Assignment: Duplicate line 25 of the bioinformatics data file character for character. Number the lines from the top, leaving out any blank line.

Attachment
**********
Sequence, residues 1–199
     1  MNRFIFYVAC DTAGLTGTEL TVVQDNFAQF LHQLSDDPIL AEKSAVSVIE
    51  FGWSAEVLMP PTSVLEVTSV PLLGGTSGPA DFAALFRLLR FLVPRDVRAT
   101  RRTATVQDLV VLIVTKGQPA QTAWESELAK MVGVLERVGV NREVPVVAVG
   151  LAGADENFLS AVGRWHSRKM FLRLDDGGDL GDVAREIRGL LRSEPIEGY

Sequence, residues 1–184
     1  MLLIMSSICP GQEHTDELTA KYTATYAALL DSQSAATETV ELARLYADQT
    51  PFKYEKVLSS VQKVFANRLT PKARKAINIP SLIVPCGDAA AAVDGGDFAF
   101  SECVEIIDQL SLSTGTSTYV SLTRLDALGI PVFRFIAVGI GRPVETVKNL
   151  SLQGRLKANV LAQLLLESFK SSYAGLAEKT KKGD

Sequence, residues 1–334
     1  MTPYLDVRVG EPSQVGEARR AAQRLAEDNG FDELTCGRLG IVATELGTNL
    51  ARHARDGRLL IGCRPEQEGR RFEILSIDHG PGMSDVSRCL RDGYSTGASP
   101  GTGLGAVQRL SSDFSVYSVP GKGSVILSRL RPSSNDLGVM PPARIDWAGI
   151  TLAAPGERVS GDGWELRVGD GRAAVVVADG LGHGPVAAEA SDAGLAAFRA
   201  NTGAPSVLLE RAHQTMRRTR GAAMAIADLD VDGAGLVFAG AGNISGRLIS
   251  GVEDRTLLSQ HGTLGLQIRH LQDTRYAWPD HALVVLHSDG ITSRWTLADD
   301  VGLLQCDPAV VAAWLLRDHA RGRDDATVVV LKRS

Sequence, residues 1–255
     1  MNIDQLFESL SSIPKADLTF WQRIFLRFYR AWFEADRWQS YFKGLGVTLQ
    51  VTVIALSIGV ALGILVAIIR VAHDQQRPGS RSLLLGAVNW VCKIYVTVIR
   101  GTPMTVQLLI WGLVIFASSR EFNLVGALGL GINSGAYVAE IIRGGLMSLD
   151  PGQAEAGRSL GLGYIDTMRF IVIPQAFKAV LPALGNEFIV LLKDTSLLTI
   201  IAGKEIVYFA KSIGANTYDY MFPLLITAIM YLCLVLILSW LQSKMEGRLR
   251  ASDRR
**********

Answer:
   251  ASDRR